It’s not as easy as it sounds to just make sure she takes the medications. As she said when she is on it for too long she feels like she loses herself and I don’t know if it has happened to her, but when you feel like you are losing yourself it can also lead to thoughts of suicide and depression because what’s the point of living if you can’t be yourself. It is definitely a delicate balance and unless there is someone in her life that knows and understands her to that level you need to be careful you aren’t pushing her to far the other way. And in her story she also mentions it makes her bed ridden for 18 hours a day, which can’t be easy for her. There are a lot of elements that go into mental illness and unlike a physical injury this takes someone really know and understanding a person to be able to help them or to even play that role of “enforcer” to can’t just be anyone because if you don’t truly understand what makes that person tick you can cause more harm than good, even though you have the greatest of intentions.



I think the 18 hours a day in bed is when starting the meds up again after having been off.

Sounds like even once adjusted she requires more rest on than off but I don't think the 18 hours a day is steady state. Though the start up cost would make it easier to talk yourself out of restarting once you stop even if logically you know it is best.

Maybe she can ultimately progress to lower maintenance doses that help her keep the edge off with less impact from the side effect.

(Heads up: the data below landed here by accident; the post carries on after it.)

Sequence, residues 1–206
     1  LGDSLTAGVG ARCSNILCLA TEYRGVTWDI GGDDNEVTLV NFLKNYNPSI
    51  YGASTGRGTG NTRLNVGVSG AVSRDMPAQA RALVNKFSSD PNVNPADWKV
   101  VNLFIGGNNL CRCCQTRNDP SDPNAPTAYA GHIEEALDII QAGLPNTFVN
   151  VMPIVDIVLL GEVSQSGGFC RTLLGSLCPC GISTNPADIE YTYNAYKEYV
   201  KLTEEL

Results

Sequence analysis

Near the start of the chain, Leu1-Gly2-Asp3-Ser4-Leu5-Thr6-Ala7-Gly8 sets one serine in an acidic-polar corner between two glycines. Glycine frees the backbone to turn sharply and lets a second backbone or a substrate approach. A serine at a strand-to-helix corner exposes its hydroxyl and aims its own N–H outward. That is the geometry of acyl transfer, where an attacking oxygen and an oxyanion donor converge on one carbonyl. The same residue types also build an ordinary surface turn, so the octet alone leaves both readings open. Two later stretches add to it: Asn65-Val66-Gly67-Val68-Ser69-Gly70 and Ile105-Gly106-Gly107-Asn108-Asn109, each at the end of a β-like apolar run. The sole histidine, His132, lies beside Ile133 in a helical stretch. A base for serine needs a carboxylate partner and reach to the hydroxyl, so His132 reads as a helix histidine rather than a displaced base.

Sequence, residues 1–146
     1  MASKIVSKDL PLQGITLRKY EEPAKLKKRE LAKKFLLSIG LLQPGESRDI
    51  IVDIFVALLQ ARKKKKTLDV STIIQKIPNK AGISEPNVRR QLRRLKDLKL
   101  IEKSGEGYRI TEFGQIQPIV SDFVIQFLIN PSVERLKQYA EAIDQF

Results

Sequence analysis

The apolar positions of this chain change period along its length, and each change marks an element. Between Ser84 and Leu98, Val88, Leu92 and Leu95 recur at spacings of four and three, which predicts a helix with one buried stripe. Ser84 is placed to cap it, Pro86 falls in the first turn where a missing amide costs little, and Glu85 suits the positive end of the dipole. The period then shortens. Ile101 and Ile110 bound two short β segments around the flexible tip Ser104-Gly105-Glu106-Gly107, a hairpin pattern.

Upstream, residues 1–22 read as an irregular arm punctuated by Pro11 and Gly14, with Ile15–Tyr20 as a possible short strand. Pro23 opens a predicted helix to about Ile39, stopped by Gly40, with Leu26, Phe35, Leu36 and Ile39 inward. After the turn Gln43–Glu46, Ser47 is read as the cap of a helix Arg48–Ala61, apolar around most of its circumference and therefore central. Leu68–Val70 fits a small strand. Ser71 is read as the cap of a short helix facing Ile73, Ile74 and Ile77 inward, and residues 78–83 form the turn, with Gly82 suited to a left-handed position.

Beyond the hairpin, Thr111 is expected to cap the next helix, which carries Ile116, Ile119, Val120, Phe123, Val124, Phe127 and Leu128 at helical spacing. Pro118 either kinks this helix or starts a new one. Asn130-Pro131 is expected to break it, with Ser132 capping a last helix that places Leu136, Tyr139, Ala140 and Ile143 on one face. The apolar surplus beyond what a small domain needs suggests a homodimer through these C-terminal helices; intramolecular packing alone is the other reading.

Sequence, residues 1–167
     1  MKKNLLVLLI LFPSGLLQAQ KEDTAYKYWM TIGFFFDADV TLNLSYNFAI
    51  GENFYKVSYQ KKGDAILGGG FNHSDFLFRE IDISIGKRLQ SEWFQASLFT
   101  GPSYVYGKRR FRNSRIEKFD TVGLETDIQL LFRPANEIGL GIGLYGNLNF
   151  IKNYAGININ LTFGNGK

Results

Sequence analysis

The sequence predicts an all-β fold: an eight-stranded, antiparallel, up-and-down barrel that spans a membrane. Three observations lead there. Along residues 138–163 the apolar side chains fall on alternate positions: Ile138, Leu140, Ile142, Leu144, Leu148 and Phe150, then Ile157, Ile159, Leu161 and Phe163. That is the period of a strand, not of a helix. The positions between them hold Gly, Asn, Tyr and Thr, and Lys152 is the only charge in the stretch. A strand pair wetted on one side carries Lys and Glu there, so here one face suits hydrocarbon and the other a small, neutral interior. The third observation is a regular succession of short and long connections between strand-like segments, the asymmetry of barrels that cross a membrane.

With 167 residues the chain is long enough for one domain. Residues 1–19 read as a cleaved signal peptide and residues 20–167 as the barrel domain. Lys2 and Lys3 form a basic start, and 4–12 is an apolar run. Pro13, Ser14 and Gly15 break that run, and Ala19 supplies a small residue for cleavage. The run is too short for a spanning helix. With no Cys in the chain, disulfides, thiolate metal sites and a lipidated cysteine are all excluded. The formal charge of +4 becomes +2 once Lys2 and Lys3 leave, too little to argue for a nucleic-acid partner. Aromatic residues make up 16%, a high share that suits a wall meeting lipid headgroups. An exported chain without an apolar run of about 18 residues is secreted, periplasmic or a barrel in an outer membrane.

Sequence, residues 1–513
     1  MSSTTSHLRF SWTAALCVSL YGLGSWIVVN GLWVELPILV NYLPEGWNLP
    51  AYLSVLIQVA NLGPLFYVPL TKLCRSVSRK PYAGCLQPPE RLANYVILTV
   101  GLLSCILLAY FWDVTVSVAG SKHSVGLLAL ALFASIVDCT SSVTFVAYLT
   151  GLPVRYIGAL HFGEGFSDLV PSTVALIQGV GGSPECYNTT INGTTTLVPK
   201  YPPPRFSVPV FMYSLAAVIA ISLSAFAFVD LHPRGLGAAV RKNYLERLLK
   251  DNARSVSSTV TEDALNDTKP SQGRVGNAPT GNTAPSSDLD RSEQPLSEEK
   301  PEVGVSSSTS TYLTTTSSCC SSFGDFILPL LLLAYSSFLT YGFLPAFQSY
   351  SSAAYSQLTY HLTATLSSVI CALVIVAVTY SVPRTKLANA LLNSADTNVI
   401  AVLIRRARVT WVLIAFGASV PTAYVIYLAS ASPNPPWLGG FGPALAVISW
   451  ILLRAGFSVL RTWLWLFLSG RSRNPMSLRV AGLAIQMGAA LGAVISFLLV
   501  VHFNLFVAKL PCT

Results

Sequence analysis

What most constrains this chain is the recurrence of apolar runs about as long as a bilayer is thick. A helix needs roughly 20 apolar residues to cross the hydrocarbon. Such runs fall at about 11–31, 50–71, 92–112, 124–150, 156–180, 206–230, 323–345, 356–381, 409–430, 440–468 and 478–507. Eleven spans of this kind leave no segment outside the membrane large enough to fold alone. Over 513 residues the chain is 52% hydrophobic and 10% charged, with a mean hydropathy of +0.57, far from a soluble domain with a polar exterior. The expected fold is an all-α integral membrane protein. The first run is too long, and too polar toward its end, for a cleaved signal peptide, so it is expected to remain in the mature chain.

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jap



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PostPosted: 08/11/19 7:20 pm    ::: Reply Reply with quote

It would be so much better for Hollywood Liz if she can find a natural healer that works for her specific problem. That way, there would be no side effect issues to deal with.



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Bob Lamm



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PostPosted: 08/11/19 9:59 pm    ::: Reply Reply with quote

Wow! How remarkable of Liz Cambage to share all this with the world. This is a very special gift to readers struggling with the same issues that she is. And to those of us who aren't--to help us be more sensitive and supportive to anyone we know with mental health struggles.

I already had great respect for Ms. Cambage as an athlete. I watched on TV as she tore up the New York Liberty, my team, for an unprecedented 53-point barrage. I didn't know much about her as a person till reading this. And now she has my great respect for her courage and candor. Wishing her all the best today and, I hope, for a long and satisfying life way beyond her basketball days.


myrtle



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PostPosted: 08/12/19 2:11 am    ::: Reply Reply with quote

jap wrote: